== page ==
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$2,500 No-Limit Hold’em event goes to Engel

24 June 2019

Ari Engel

Ari Engel (photo by WSOP)

Name: Ari Engel
Nationality: Canada
Birthplace: Toronto, Canada
Age: 35
Profession: Poker
Number of WSOP Cashes: 43
Number of WSOP Final Table Appearances: 1
Number of WSOP Gold Bracelet Victories (with this tournament): 1
Best Previous WSOP Finish: 10th at 2011 $1,500 Limit Hold'em Shootout
Total WSOP Earnings: $692,543

Ari Engel is the winner of the $2,500 No-Limit Hold’em. He topped a field of 996 and takes home $427,399 and the World Series of Poker gold bracelet, his first.

He has won almost $7 million in tournament winnings and has just now won his first bracelet. He has nine circuit rings and, thinks that the bracelet is a greater accomplishment. A big reason for that is that he feels the field in this $2,500 No-Limit tournament was a very tough field.

He also says you have to be willing to lose a lot and keep entering tournaments.

“I’m very competitive and poker’s a game of losing a lot. I lose my confidence very easily so I should be good to go for tomorrow at least,” he said.

He says his goal was to get heads up with Pablo Melogno and then take second place, but thanks to a well-timed jack on the river, Engel took a huge lead and finished his opponent off shortly after.

“Oh my god, I sucked out like so many times this tournament it’s ridiculous. You have to get real lucky, but I got unlucky on other days.”

Engel is the second player today to win his first bracelet. Earlier, Stephen Chidwick won the $25,000 PLO for his first bracelet.

“It’s more crazy that Stephen Chidwick hadn’t won one before. Us huge field no-limit players, there’s no real due. You play these, you expect to win one in a lifetime, maybe. I expect to f*** it up somewhere along the line and just blow it up. I did that, I’m sure, a few times and I got lucky instead of losing the tournament. It’s a relief to not mess it up whenever I win a tournament because most of the time I do end up messing it up.”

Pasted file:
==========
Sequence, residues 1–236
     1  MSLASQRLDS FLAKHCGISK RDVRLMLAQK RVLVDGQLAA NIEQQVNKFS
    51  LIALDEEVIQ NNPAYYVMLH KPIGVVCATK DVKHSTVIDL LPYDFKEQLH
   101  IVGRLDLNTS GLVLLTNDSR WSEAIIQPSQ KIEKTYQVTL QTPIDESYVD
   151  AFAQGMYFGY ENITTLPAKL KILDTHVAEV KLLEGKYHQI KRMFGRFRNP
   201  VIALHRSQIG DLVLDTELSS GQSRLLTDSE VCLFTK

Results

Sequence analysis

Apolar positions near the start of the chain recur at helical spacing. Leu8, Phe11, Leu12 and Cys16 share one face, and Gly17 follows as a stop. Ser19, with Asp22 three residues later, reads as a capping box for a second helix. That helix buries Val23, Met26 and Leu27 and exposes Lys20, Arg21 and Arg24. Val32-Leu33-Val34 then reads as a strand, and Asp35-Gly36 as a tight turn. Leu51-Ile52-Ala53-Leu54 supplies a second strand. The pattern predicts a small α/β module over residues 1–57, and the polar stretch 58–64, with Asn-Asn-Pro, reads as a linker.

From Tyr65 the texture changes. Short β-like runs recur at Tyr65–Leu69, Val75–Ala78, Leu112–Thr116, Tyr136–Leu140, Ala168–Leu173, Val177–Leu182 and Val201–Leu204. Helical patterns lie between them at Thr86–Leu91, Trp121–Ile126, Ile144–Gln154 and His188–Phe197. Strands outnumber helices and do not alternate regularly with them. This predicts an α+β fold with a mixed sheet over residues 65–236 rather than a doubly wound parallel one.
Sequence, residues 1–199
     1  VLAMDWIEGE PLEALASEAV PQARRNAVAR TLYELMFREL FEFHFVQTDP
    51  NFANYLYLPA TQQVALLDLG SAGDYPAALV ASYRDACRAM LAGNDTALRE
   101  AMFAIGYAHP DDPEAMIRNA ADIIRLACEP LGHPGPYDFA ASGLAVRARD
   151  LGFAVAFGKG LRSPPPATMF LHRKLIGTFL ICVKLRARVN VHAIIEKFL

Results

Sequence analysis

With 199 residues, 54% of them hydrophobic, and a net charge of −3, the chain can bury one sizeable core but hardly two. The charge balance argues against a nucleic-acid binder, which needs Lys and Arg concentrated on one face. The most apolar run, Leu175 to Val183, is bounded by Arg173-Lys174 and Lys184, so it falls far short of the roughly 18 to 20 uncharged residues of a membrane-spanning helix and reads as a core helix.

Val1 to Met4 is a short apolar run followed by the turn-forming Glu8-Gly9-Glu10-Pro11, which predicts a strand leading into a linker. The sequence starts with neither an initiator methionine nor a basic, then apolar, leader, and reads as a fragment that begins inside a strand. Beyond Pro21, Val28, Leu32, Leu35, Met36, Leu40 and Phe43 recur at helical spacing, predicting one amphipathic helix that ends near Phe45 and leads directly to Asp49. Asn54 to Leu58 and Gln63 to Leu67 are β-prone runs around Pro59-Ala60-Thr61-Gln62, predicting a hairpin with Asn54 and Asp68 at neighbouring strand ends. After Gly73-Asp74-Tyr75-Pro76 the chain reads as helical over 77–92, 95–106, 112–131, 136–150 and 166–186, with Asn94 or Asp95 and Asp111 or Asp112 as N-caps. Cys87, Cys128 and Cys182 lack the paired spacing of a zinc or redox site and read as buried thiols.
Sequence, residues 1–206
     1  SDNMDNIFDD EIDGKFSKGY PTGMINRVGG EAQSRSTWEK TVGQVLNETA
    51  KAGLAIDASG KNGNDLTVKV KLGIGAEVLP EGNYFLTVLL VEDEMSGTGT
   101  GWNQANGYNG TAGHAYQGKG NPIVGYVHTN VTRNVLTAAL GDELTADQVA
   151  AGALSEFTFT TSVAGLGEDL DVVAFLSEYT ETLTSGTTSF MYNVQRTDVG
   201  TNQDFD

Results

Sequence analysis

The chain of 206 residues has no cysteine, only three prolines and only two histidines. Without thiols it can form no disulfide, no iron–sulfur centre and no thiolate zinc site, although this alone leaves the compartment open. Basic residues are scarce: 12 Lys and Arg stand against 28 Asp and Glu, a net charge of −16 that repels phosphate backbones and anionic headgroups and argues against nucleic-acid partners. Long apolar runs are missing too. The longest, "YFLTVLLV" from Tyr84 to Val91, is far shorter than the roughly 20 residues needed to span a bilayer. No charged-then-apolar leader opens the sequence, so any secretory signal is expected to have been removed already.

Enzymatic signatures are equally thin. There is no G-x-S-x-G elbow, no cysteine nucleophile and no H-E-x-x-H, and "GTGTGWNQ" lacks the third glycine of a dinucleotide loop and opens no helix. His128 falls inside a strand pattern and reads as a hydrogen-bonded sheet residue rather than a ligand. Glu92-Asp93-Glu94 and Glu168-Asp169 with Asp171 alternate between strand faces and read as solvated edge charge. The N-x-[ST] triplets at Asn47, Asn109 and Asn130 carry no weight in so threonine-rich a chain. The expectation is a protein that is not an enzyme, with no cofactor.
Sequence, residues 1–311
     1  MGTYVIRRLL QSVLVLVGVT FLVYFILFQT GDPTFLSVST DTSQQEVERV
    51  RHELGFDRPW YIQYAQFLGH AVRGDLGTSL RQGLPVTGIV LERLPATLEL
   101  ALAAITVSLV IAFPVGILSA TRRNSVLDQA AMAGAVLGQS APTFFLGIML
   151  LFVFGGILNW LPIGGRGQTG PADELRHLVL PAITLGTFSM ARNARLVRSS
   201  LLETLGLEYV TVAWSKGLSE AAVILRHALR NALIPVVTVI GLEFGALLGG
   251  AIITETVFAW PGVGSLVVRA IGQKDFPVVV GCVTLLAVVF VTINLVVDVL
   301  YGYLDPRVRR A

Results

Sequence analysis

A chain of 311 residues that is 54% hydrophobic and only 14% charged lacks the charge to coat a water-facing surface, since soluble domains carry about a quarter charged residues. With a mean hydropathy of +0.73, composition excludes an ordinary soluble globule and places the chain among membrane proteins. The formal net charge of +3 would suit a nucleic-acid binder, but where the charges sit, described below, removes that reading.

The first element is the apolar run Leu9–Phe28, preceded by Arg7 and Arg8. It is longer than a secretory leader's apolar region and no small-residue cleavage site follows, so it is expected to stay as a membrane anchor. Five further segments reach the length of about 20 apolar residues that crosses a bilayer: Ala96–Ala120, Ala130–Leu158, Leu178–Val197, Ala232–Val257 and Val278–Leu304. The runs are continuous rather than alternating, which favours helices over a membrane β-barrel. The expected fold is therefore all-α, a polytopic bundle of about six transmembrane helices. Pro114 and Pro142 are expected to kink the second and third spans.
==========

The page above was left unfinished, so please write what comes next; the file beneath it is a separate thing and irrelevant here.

Engel’s confidence is what he says stops him from playing bigger. He also says he has no reason to believe he can play bigger, outside of the occasional shot at a $25K.

“There’s no reason to think I should be able to play bigger, even if I won a $2,500. I’m not at all confident to play a $25K, every now and then I’ll take a shot But I don’t belong with those guys, not even close. They’re sick good, way better than any of us,” Engel said.

Engel has tournament wins at every level and in many different countries. He now has $6,652,926 in career live tournament winnings and is in the top 200 on the all-time money list. Despite what Engel says, it feels like he has set himself apart with consistent results at every level of play.

The final table started with Josh Arieh being eliminated by Colossus II winner Ben Keeline. Arieh got all in against Keeline’s kings and couldn’t catch up. He took home $30,643 for his ninth place finish.

Melogno held the chip lead eight handed. Ryan Olisar was the second shortest stack and he was eliminated in eighth. Olisar was eliminated by Ari Engel. He took home $39,980.

Then it was Truyen Nguyen hitting the rail in seventh place. Engel busted Nguyen with jacks and Nguyen took home $52,909 and that hand put Engel into the chip lead with six players left.

The eliminations kept coming with James Hughes falling in sixth place to Keeline. He won $71,010 for his finish.

Then Engel knocked out two-time WSOP bracelet winner David “Bakes” Baker to extend his lead. Baker took home $96,632 for his fifth-place finish.

Wilbern Hoffman took a chunk out of Keeline’s stack and, eventually, Keeline was eliminated in fourth place. He was eliminated by Melogno, who took the lead three-handed.

Melogno went on to bust Hoffman in third place. Hoffman took home $186,392 for his finish and Melogno took a big chip lead into heads up play.

Engel won a huge pot to leave Melogno with just seven big blinds, after Engel rivered a straight. He went on to win shortly after that hand and add his name to WSOP history with his first bracelet win.

Final Table Payouts:
1) Ari Engel ($427,399)
2) Pablo Melogno ($264,104)
3) Wilbern Hoffman ($186,392)
4) Ben Keeline ($133,306)
5) David “Bakes” Baker ($96,632)
6) James Hughes ($71,010)
7) Truyen Nguyen ($52,909)
8) Ryan Olisar ($39,980)
9) Josh Arieh ($30,643)

(Article courtesy of World Series of Poker)

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